To label Vintersorg
's debut album as a standard black metal album would be a great insult to a band that is versatile, musically talented and capable of playing any kind of music they dare. I say "they", though I wonder if I should just say he. After all, the man of the hour is Andreas "Mr. V" Hedlund himself. It has many of the elements that are so typical of the genre; low production, growling vocals, inverted tremolo picked power chords, etc. So why is this any different than Mayhem
or Vlad Tepes
The way in which the low quality of the album is arranged, first of all, is not typical with the standard stereotype of black metal. Rather than the whole mix being buzzing and filled with hiss, the guitars are, for the majority, dominated by hiss. However, there is just enough audibility for riffs and melodies (and even guitar solos) to be heard!
Secondly, we see in this album a continuation with what Mr. V had in mind with his previous band Otyg
: that is, combining the aggressive rawness of black metal and the epicness of folk music, with more emphasis on the folk than the black. Here we see exactly that: we hear plenty of acoustics, atmospherics, keyboards and Vintersorg
's clean singing baritones for the win! But kvlties shouldn't worry about this sounding too stylistic and skillful: there's plenty of growling to make you feel like this is still somewhat a black album.
So, what else is good about this album? While trying very hard to keep this from being a track-by-track, let us dive into Till Fjälls
. The first four tracks are a good way to start out this album: "Rundans" is a nice contrast between atmospherics, keyboard and acoustics with the semi-heavy guitars backed by V's clean singing. "För Kung Och Fosterland" explodes with all the energy and vibe of a black metal hit, complete with growling, blast-beats and tremolo picking. As the song progresses, we get a few licks of a guitar solo that eventually plays itself later on in the song and a little mid-passage that is the melody to Edvard Greig's "In the Hall of the Mountain
." "Vildmarkens" has just enough tension to sound black without growling, as well as showing off Vintersorg
's impressive vocal range even at this early stage. He is both singing with his baritone standard voice and reaching decent highs more reminiscent of Cosmic Genesis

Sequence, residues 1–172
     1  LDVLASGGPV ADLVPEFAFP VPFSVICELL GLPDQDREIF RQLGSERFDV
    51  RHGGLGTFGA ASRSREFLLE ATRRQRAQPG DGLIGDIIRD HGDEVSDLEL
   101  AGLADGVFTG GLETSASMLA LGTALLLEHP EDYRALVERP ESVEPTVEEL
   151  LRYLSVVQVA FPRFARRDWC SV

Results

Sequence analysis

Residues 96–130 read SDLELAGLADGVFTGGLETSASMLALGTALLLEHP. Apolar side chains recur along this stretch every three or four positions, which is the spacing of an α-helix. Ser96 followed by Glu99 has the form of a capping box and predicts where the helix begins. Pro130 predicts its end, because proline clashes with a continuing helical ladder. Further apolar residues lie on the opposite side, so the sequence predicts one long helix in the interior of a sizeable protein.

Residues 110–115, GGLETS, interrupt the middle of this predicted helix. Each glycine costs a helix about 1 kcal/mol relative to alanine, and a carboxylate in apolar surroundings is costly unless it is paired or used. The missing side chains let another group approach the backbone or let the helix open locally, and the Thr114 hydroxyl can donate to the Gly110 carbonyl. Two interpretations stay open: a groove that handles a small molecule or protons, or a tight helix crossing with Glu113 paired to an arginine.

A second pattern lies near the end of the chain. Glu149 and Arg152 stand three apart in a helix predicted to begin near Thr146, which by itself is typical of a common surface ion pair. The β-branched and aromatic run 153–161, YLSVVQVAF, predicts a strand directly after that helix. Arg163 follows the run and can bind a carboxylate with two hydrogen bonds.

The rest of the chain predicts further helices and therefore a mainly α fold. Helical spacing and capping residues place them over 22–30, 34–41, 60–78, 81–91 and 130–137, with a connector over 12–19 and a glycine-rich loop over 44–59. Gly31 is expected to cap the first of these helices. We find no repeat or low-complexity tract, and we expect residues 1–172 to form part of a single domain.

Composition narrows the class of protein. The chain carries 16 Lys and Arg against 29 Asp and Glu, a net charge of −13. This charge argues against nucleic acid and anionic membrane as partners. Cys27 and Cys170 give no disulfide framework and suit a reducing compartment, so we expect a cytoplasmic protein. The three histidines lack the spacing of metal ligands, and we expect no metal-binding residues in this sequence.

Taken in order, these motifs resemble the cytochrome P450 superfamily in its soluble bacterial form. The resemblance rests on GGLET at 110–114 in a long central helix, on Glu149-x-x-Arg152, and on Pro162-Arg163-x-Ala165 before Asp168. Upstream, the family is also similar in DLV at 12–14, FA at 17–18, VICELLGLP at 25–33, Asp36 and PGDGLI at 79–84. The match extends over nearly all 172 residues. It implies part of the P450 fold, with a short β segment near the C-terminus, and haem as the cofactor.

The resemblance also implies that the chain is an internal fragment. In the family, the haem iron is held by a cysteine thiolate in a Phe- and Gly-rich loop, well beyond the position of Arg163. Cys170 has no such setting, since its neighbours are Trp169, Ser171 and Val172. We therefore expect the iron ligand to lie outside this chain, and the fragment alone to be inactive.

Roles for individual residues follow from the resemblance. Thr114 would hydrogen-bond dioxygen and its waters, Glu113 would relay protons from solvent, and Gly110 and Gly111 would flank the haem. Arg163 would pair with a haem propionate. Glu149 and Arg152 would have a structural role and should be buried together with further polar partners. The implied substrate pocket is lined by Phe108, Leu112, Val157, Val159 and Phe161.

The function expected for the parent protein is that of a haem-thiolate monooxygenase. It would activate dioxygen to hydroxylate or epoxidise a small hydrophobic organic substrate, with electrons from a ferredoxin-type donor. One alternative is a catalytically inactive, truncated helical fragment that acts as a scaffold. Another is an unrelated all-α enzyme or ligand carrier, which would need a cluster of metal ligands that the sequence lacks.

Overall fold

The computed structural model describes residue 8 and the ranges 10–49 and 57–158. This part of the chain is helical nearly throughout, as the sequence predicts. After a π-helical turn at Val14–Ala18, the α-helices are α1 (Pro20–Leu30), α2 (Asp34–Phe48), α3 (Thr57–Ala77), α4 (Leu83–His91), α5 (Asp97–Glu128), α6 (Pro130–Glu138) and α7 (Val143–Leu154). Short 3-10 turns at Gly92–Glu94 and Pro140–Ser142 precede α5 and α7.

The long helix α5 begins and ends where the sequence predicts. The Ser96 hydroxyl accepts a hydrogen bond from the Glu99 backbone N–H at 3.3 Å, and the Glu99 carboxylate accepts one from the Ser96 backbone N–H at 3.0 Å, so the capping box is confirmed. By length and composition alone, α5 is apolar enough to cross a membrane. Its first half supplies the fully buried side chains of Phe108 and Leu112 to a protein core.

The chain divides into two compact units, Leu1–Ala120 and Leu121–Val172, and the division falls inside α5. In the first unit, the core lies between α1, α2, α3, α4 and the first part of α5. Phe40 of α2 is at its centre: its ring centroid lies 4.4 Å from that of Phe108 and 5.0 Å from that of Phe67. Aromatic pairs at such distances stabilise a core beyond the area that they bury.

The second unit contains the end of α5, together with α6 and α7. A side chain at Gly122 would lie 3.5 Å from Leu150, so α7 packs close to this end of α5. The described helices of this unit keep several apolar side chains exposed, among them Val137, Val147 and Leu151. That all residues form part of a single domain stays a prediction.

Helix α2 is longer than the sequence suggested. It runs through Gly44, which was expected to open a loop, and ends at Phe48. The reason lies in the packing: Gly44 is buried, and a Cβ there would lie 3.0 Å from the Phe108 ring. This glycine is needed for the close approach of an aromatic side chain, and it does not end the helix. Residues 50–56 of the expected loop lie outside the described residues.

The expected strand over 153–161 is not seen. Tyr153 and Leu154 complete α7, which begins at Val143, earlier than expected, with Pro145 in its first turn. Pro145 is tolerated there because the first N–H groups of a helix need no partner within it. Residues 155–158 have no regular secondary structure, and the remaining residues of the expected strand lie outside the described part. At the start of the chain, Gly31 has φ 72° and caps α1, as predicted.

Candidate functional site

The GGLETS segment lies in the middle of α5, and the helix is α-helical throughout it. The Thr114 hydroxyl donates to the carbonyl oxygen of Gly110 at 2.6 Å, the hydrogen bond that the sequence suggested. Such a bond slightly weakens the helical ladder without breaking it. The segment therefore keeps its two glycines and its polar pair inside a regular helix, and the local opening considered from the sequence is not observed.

", the title track, is perhaps everyone's favorite song from the Vintersorg
catalog. For the most part, it features inverted power-chords and keyboard passages with Vintersorg
's low key voice singing Swedish lyrics. Unlike most black metal songs, this one has a clear verse and chorus structure rather than just being several minutes of formless noise. There's plenty of chanting, and the chorus is truly hair-raising, proving that you don't have to be a Bruce Dickinson
"sound alike tenor" to raise the roof! But don't worry, there's enough growling to give this the strength you so desire. But then we have a nice acoustic/atmospheric passage that really flows well with the song. One can almost see the cawing crows flying "to the mountains."
To keep this from being a "track by track", we'll just focus on the tracks that stick out: though, to be perfectly honest, this whole album is a good one. "Hednad..." is a full keyboard track with no metal at all, just some nice chanting and singing by Vintersorg
. It's a nice respite from the bordering-on-repetitive black metal-style guitars and vocals (this album's one down-point, but not a down-point to the fans of old school black metal, which means that this album will capture the attention of even the kvlties). "Isjungfrun" follows the same style as the other songs - acoustics, low-fi guitars and chanting - but features guest singer Cia Hedmark, who also appears on the last track and several on Ödemarkens Son
, the next album. At the time, it was definitely a rare thing to see a woman in black metal, so this is definitely an attention-getter. "Asatider" is featured here because it features some of Vintersorg
's best baritone-only singing. Yes, it is a rare treat to see the low-register singers make their mark in the heavy metal scene, and that's why "Asatider" gets a deal of attention. Aside from his singing, this song also features that medal of guitarist excellence that black metal guitarists have conveniently avoided under the pretense that it is cliche: GUITAR SOLOS!!!
While repetitive at times, Till Fjälls
is still as viking as ever, as epic as ever, and as metal as ever. Getting a hold of it or a chance to listen to it should be a requirement for Viking Metal
fans, along with listening to Bathory
album. You will not be disappointed.